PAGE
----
When Robert Reynolds, a 54-year-old plumber and Army veteran, was released from the Wright County Jail in January, it was without ceremony or much help. He was wearing a windbreaker and walked 9 miles to a Walmart, where a friend picked him up and paid for a week at a motel.
He'd been steadily employed as a plumber until a dispute with his then-wife landed him in jail on charges Reynolds said are false. After seven months in jail, the courts agreed with Reynolds, dismissing the case "in the interests of justice." Reynolds — his bank account emptied, his wife having left town — soon found himself at Higher Ground homeless shelter in Minneapolis.
"It could happen to anybody," Reynolds said. "I used to tell people, 'There's no way I could ever be homeless!' Yeah, right."
Advocates for Minnesota veterans fear that all the progress made over the past decade in reducing veteran homelessness could be lost in the coming months as the coronavirus pandemic creates havoc with the economy. With unemployment spiking and many industries largely on hold, veterans living paycheck-to-paycheck could tip over the edge.
Reynolds is one recipient of a statewide effort to nip coronavirus-related veteran homelessness in the bud before it blooms into a much bigger problem.
In March, Reynolds connected with the Minnesota Assistance Council for Veterans (MAC-V). He had no idea a pandemic was sweeping the nation. Using an emergency COVID-19 donation for homeless veterans from the DAV of Minnesota Foundation, Reynolds' case worker got him out of the crowded shelter and to an extended-stay hotel in Bloomington.
Last week, Reynolds got into transitional housing in Minneapolis for formerly homeless veterans while he gets back on his feet.
"When the moratorium on evictions is over, I expect us to explode," said James McClodden, an Army veteran who served in Desert Storm and is Reynolds' case manager at MAC-V. "You don't have to pay rent now. [But] this debt is not forgiven. You stretch it out. What happens in June? As bad as it is now, it's going to turn much, much worse."
Gov. Tim Walz has prohibited housing evictions during the COVID-19 stay-at-home order, but when Minnesota's peacetime emergency ends, the moratorium on evictions will be lifted. Legislators from both parties want to avoid mass homelessness when those overdue rents must be paid, but the parties disagreed this week on how much aid the state can afford to give to help people pay rent and mortgages.
Since the beginning of the pandemic, the Minnesota Department of Veterans Affairs has prioritized the immediate safety and the most vulnerable homeless veterans, whether it's those living in crowded shelters or on the streets. The organization has helped move 27 veterans into hotels since March.
Paul Williams, the department's homeless program supervisor, expects to see a surge on the state veteran homeless registry. It could erase the progress made over the past decade, as the state has reduced its veteran homeless population by more than half.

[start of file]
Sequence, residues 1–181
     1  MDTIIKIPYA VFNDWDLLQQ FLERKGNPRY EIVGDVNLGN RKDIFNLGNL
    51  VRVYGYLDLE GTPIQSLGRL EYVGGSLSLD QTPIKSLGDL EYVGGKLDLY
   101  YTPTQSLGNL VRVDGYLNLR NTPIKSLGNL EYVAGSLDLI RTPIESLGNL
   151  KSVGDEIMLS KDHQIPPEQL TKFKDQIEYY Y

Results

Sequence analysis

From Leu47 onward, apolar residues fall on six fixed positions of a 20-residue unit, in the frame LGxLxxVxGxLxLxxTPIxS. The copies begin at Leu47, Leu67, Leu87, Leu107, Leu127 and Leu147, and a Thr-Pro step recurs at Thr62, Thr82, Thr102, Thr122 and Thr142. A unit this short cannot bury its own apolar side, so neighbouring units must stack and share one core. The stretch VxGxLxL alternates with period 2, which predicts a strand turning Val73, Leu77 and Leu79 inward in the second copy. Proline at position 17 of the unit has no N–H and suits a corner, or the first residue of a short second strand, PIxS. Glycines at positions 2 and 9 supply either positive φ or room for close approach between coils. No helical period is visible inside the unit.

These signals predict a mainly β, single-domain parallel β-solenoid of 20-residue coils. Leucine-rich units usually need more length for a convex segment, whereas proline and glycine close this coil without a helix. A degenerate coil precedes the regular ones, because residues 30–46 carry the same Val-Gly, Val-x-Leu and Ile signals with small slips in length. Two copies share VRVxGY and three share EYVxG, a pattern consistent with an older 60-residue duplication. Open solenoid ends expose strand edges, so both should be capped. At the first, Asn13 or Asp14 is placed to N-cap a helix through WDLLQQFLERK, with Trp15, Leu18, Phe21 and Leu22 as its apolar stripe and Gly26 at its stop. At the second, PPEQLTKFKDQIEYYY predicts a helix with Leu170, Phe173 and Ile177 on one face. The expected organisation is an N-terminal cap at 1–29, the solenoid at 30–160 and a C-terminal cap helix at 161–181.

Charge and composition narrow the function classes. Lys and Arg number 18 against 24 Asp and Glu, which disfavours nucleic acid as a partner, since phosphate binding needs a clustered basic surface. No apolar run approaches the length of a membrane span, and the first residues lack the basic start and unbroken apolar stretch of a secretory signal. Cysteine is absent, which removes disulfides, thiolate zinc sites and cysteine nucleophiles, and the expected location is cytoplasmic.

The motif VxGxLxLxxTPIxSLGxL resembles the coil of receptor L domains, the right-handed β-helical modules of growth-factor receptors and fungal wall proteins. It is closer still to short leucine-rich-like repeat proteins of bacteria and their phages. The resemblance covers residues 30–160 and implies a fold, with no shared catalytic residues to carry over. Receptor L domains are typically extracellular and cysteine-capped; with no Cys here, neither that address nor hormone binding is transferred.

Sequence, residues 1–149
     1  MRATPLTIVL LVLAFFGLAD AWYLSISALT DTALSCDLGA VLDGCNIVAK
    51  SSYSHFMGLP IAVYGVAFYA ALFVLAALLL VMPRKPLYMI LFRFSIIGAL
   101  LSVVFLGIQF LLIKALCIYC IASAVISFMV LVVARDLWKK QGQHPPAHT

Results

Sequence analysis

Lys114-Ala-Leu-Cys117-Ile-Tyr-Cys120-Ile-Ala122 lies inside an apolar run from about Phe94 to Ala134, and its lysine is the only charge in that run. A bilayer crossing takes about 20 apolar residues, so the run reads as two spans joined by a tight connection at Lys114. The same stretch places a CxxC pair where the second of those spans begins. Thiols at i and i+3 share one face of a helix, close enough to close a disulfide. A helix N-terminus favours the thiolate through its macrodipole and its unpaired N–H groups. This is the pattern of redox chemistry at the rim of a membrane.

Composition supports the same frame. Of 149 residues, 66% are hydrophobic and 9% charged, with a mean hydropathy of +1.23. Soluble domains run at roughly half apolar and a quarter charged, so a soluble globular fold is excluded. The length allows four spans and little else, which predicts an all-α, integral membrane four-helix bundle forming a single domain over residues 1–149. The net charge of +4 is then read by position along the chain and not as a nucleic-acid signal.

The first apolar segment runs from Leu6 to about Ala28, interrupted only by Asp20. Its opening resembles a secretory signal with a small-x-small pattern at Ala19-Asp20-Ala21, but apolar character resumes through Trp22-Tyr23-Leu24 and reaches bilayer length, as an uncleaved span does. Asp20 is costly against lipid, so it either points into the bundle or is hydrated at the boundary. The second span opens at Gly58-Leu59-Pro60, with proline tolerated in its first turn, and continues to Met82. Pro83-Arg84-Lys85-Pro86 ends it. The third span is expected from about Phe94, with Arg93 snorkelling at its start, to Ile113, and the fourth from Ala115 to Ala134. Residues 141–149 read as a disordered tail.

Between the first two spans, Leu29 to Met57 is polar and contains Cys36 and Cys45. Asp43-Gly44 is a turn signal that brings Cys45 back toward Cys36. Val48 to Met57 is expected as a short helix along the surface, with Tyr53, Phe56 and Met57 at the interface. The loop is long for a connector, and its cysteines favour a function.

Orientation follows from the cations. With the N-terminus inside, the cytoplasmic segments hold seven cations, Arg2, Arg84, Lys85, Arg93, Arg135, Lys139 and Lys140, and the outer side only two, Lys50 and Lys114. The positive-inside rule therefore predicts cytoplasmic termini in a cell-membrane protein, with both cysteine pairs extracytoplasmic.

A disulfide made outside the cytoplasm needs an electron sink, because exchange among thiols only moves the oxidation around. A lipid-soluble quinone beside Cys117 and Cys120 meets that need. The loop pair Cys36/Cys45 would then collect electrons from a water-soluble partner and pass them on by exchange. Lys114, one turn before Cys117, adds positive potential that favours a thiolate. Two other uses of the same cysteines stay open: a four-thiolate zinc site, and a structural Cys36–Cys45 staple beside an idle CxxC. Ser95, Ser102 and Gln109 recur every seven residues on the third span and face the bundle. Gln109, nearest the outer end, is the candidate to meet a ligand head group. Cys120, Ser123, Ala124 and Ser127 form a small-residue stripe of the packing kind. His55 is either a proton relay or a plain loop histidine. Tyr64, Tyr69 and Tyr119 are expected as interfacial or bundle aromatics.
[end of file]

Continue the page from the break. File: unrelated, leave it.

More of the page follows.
"The No. 1 thing you have to do is stabilize somebody's housing," said McClodden, the MAC-V case manager. "If you don't have a place to lay your head, the next steps are impossible."
McClodden believes state and county agencies have shown empathy in helping the most vulnerable homeless veterans during this pandemic, by taking older veterans and veterans with pre-existing health conditions out of shelters and putting them up in hotels.
That was the thinking of the DAV of Minnesota Foundation when it decided to forgo replacing two of its vans and use that money to fight veteran homelessness — despite their own donations being down 61% this fiscal year.
The foundation sent $15,000 to MAC-V as well as $10,000 to Every Third Saturday, a Minneapolis nonprofit dedicated to helping homeless veterans. The number of homeless veterans in Minnesota has actually decreased in recent months. The homeless registry was close to 300 a few months ago but was down to 238 this week.
For Reynolds, who recently moved into transitional housing, the next steps still won't be easy. His specialty is clearing drains and sewers. Other plumbers have told him that with people staying home, drain work is in demand. But he still hasn't found work. He had a job lined up with a friend's plumbing company until the friend found out he'd recently been homeless and stopped returning his calls.
He was walking up to plumbing companies, but their doors were locked. Now he's calling around, but companies tell him nobody is hiring. Just this week he may have gotten a line on plumbing job; he hopes to find out in the coming days.
"Everything takes longer because of COVID," he said. "COVID has affected everything."